Microbial Biosurfactants Role in Oil Products Biodegradation

O. L. Matvyeyeva, О.А. Vasylchenko, O. R. Aliievа

  Open Access OPEN ACCESS  Peer Reviewed PEER-REVIEWED

Microbial Biosurfactants Role in Oil Products Biodegradation

O. L. Matvyeyeva1,, О.А. Vasylchenko2, O. R. Aliievа1

1Department of ecology, Institute of environmental safety, National Aviation University

2Department of biotechnology, Institute of environmental safety, National Aviation University

Abstract

Biosurfactants have a wide-range of applications due to their unique properties like specificity, low toxicity and relative ease of preparation. These properties hold promise for biosurfactants to increase the degree of microbial destruction of petroleum hydrocarbons, which promotes the effective remediation of the petroleum pollution. This article presents a review of available research data and publications regarding hydrocarbon biodegradation, oil-degrading bacteria metabolism, and application of biosurfactants to these processes. Hydrocarbon degrading bacteria producing biosurfactants and their consortia search was provided, types of microbial surfactants and their physiological role were described and ordered. Range of factors affecting the surface active properties of producers’ cultures was studied. The results are promising enough to continue the quest for enhancement of hydrocarbon biodegradation with biosurfactants application to look forward for biosurfactants as a solution of petroleum pollution problem.

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Cite this article:

  • Matvyeyeva, O. L., О.А. Vasylchenko, and O. R. Aliievа. "Microbial Biosurfactants Role in Oil Products Biodegradation." International Journal of Environmental Bioremediation & Biodegradation 2.2 (2014): 69-74.
  • Matvyeyeva, O. L. , Vasylchenko, О. , & Aliievа, O. R. (2014). Microbial Biosurfactants Role in Oil Products Biodegradation. International Journal of Environmental Bioremediation & Biodegradation, 2(2), 69-74.
  • Matvyeyeva, O. L., О.А. Vasylchenko, and O. R. Aliievа. "Microbial Biosurfactants Role in Oil Products Biodegradation." International Journal of Environmental Bioremediation & Biodegradation 2, no. 2 (2014): 69-74.

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1. Introduction

Powerful negative impact of petroleum products on the atmosphere, hydrosphere, and the soil cover of the Earth is caused by several factors: an active and growing use of hydrocarbon resources in all sectors of human activity; oil producing, transporting, processing and consuming enterprises wide spreading; characteristic physical, chemical and toxic hydrocarbons properties contributing to their low biodegradability in natural ecosystems.

In order to eliminate hydrocarbon contamination a set of measures is used at present time. Applied mechanical treatment, physical and chemical contaminating petroleum products processing are among them. However, bioremediation is the only method that allows for complete transforming hydrocarbon pollutants into harmless compounds in a natural way. The key mechanism of any bioremediation technology is oil-degrading microorganisms use. These destructors can utilize petroleum products as single carbon and energy source, converting them into microbial biomass, carbon dioxide and other metabolites. Strong limiting factor in microbial degradation of petroleum hydrocarbons is their hydrophobic nature. A promising way to resolve this difficulty may be microbial surfactants (biosurfactants) application.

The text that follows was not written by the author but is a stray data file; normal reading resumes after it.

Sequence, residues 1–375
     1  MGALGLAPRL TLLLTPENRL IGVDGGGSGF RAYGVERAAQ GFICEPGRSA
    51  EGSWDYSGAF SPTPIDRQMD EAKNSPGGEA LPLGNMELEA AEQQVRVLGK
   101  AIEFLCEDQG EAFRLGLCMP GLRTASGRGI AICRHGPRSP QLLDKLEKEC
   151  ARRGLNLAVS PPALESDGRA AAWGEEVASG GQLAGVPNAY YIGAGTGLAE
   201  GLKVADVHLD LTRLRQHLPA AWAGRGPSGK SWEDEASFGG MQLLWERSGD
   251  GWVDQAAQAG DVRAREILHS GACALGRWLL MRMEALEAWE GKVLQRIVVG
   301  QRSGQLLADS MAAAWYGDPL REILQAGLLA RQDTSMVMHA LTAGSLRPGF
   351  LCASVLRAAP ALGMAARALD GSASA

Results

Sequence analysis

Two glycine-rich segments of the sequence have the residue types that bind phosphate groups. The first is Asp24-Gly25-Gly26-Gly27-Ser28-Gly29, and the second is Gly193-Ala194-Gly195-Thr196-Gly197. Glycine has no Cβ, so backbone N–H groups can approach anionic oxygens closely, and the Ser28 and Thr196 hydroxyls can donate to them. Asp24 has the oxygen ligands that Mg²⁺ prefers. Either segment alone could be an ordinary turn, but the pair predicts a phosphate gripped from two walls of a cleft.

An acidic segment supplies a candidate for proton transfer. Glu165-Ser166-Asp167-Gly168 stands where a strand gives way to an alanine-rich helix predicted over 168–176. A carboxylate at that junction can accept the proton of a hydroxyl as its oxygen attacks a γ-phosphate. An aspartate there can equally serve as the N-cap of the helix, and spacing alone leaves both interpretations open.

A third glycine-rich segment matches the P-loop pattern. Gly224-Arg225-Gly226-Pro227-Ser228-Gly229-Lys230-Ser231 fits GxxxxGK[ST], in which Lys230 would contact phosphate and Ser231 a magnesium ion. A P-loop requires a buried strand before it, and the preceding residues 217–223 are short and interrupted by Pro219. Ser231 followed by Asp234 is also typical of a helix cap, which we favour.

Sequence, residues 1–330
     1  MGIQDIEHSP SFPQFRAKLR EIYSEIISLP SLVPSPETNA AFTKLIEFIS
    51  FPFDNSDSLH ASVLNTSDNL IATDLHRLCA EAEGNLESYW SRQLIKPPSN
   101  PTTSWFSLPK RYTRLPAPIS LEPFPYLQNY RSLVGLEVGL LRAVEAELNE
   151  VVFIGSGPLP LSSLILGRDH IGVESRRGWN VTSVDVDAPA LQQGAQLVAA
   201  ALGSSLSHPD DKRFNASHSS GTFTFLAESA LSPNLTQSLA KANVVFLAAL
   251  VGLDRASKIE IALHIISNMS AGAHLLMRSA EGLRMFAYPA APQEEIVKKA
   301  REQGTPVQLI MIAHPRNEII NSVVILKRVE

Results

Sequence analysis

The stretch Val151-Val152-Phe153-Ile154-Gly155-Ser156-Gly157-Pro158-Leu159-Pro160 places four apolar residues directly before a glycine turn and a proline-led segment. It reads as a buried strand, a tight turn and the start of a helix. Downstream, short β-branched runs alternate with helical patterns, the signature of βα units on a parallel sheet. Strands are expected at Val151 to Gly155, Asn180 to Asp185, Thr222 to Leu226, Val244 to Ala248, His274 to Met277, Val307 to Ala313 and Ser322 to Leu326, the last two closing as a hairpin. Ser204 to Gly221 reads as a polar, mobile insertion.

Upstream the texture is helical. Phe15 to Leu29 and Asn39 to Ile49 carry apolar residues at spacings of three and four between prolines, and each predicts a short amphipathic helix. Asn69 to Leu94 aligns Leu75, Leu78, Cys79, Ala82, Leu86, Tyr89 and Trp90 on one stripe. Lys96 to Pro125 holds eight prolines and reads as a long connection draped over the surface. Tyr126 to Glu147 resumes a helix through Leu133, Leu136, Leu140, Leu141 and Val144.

Previous publications [1, 2, 3, 4, 5] regarding oil, hydrocarbon degradation, its metabolism, and bioremediation in general have already investigated and shown a perspective of biosurfactants application to stimulate oil degrading processes.

Indian scientists Aparna A., Srinikethan G., Smitha H. [5] have shown that addition of 50 mg of biosurfactant per 100 ml of the basal salt medium containing 1% crude oil significantly enhanced the crude oil degradation indicating that the organism utilized crude oil as carbon source. Earlier Zhang Y. and Miller R.M. [6] described how dirhamnolipids enhanced hexadecane degradation by seven different Pseudomonas strains.

One more promising result was achieved by Obayori et al. [7] investigated the biodegradative properties of biosurfactant produced by Pseudomonas sp. LP1 strain on crude oil and diesel. They reported 92.34% degradation of crude oil and 95.29% removal of diesel oil. Biodegradative properties of biosurfactant producing Brevibacterium sp. PDM-3 strain were tested by Reddy et al. [8]. They reported that this strain could degrade 93.92% of the phenanthrene and also had ability to degrade other polyaromatic hydrocarbons such as anthracene and fluorene.

Kang et al. [9] used sophorolipid in studies on biodegradation of aliphatic and aromatic hydrocarbons and Iranian light, crude oil under laboratory conditions. Addition of this biosurfactant to soil increased also biodegradation of tested hydrocarbons with the rate of degradation ranging from 85% to 97% of the total amount of hydrocarbons.